He was an altar boy for roughly a year, telling his parents that he wanted to sleep later on Sundays. His parents didn't fight his decision to stop, figuring that it was all temporary anyway. He always seemed so tired on Sundays after mass. Perhaps the extra sleep would do him some good after all.
At first, being an altar boy seemed easy. He would show up about ten minutes prior to the start of mass, change into his cassock, and serve mass alongside Father Ryan. After about a month, Father Ryan asked his parents if he could arrive a half-hour prior to mass, his justification being that the 8:30 mass was beginning to get progressively more crowded. Things needed to be perfect. Everything needed just that much more time to be arranged. He remembered now that his parents had never asked him directly, but simply complied with Father Ryan's wishes, never knowing or realizing the unspeakable horror this decision brought to their son.
In the moments prior to mass, in an anteroom behind the altar, Father Ryan would tell him to wash his hands in the font of holy water, take off his pants and close his eyes. For nine months, Father Ryan committed atrocities on the boy, commanding him after every episode never to speak of it to anyone, lest he face the wrath of God. During the mass, he would see the Stations of the Cross, displayed in order around the church. His eyes would always settle on "Jesus Bears The Cross". What does he know of suffering, he thought. Why won't he help me now? After he quit as an altar boy, he became more and more enraged, watching the people of the church treat Father Ryan with such reverence, such respect. His parents were deeply offended by his decision, at age twelve, to stop going to church. They thought it just a phase, thiking that he would "return to the flock" in the near future. That return never came.
His grades slipped and he skipped school more frequently as his teenage years progressed. He fell in with the crowd that always seemed to have access to a stray bottle of liquor and an endless supply of Vicodin, burying himself in a place where he could keep the pain at bay, however temporarily. Never once did he mention the burden resting on his shoulders to anyone.
Early in his senior year of high school, his parents, worried that he would flunk out of school, placed him in an inpatient psychiatric ward for treatment. He never opened up the old wounds when questioned by the doctors. When he declared two days into his stay that he wouldn't talk anymore to anyone at the facility, his doctors approached his parents with other options of treatment, one of which was "electroconvulsive therapy", a soft-pedaled phrase meaning shock treatment. He left the facility, two weeks and five shock treatments later, deadened and numb. He graduated high school with barely above a D average.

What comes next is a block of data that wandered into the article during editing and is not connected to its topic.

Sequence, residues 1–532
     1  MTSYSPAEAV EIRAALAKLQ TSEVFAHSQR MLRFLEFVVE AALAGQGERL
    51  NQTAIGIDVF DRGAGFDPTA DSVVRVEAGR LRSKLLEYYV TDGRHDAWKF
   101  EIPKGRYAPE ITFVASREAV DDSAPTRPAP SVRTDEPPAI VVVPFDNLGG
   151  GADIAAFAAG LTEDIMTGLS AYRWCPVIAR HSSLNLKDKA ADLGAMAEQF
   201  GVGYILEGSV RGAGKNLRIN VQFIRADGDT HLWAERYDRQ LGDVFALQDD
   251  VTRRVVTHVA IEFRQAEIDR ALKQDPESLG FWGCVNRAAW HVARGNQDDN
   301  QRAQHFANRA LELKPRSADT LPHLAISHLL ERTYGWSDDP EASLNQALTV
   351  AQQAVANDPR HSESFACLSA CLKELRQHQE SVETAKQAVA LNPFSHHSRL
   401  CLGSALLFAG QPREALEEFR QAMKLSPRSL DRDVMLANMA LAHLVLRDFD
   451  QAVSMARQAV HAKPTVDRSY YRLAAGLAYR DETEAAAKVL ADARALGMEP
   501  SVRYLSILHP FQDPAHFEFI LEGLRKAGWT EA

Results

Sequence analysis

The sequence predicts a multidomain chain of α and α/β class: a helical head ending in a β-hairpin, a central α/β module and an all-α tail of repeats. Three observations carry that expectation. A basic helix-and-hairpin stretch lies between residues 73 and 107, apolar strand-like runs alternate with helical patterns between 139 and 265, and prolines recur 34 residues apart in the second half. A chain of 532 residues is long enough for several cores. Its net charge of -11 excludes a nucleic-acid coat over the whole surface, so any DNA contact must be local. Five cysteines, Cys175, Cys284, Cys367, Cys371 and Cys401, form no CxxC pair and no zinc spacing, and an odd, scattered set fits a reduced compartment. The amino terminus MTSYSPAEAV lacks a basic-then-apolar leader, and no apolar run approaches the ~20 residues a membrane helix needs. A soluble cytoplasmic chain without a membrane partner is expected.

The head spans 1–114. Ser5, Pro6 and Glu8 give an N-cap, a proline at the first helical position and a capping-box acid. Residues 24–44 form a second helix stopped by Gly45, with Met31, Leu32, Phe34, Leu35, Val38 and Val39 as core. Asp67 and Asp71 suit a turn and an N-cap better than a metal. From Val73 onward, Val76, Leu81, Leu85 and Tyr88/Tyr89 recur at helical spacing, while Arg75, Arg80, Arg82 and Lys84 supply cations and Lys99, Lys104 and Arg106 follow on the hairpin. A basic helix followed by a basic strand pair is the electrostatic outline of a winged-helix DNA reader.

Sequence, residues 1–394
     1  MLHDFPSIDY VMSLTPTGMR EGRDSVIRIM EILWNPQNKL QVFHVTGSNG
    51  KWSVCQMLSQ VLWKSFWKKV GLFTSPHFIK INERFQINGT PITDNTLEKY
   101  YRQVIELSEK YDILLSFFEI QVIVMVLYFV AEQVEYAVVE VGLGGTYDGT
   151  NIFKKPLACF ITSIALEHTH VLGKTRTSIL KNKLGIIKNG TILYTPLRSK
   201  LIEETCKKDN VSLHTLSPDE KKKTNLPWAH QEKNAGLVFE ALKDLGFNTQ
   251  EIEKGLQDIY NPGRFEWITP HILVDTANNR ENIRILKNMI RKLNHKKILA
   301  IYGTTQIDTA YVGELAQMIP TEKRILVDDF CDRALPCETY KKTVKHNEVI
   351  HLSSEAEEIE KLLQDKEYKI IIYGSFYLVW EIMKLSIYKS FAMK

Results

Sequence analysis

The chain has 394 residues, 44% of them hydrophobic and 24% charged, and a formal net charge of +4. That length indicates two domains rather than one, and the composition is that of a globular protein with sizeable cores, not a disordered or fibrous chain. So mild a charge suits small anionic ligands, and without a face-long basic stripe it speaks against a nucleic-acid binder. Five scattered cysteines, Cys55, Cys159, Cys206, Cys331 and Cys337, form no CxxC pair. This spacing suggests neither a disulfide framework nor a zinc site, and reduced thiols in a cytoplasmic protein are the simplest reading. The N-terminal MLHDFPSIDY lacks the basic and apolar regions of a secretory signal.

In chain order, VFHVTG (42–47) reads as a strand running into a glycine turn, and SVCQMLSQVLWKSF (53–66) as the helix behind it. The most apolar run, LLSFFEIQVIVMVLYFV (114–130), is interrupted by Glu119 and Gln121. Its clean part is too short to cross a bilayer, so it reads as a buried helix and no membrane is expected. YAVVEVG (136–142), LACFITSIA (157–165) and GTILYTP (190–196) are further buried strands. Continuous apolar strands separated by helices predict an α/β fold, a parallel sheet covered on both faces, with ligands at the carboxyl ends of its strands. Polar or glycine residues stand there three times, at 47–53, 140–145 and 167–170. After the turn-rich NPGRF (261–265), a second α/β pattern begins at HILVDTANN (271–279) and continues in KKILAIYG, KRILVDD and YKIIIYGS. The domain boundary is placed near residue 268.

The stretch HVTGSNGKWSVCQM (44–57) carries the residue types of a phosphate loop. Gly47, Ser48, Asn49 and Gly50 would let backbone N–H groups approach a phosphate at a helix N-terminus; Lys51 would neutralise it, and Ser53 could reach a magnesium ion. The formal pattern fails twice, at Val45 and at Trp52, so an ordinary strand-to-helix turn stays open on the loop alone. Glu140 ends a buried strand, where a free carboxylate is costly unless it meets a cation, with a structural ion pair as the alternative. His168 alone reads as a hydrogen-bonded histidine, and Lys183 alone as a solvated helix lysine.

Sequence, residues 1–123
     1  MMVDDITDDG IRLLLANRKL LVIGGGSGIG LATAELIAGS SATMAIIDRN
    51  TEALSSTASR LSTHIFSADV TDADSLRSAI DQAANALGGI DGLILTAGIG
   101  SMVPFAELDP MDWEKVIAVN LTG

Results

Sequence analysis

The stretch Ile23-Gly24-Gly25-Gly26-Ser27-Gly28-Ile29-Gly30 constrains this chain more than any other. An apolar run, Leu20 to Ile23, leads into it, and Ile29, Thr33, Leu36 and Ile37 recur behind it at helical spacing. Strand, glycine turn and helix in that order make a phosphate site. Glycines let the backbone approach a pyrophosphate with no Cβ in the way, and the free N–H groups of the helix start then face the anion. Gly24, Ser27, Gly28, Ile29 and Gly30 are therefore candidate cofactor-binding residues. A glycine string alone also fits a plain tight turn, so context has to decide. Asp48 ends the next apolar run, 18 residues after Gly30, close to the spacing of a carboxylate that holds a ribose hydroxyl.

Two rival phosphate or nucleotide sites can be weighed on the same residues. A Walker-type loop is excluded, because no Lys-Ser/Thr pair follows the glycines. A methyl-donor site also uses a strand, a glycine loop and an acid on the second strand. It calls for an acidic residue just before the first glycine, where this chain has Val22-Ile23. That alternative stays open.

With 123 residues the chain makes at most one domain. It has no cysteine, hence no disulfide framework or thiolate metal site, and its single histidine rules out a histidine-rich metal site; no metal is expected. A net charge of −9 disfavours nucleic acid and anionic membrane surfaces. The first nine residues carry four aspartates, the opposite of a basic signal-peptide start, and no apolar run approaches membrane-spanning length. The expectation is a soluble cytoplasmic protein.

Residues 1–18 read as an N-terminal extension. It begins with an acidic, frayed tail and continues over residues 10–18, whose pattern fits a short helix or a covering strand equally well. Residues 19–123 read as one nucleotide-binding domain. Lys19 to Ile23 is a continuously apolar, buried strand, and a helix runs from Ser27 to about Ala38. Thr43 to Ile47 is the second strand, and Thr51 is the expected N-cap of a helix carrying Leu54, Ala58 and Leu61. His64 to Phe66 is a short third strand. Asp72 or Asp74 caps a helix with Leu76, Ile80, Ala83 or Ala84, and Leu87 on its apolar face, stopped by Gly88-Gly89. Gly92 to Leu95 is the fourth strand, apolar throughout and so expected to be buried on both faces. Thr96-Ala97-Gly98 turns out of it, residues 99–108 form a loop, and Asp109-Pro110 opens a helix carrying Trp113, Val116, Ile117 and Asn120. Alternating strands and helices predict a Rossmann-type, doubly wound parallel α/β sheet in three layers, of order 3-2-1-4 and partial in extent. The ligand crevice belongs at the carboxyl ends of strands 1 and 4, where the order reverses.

The eight intervening years brought no solace. More drinking, more and harder drugs, more psychiatry. It was three weeks ago in a group therapy session where he finally had an epiphany. The psychiatrist had spoken of never finding rest until the source of pain was isolated, confronted and put to rest. How could it be that no one had ever said this in such a way to him before?
It was in this spirit that Father Ryan found himself dead on the dining room table, his mouth gagged, his hands and feet bound tightly together, his skin a tinge of blue from suffocation, the imprint of his killer's tightened belt forming a perfect pattern around his pulseless neck. For a man so well known for being in good shape, extinguishing the life from him was rather easy. One could barely see the point of walking at all.
He stopped for a few brief moments to gaze upon the lifeless body of his childhood tormentor. Just a few preparations more and peace would finally come to him.
He thought for a moment of the many ways that this man had violated him. How, as a defenseless child, he had no other option but to close his eyes and take it. His fear was subsiding now, all trepidation and inhibition that had ruled his life slipping away a little farther with each passing second.
Silently and deliberately, he went to the kitchen to retrieve a cleaver from the a kitchen drawer. He thought about Judges 19, the Levite and His Concubine. He thought about the waste of spreading the Levite's comcubine's remains in little pieces in the desert. For Father Ryan, there would be but one vulture to pick from his bones. It would take at least 5 days to consume an entire priest, he thought to himself, as he began the preparations for dinner by undressing the body of Father Ryan.
(Writer's Note: I feel I must make the reader aware of my strong opposition to cannibalism. It also bears stating that this story is fiction)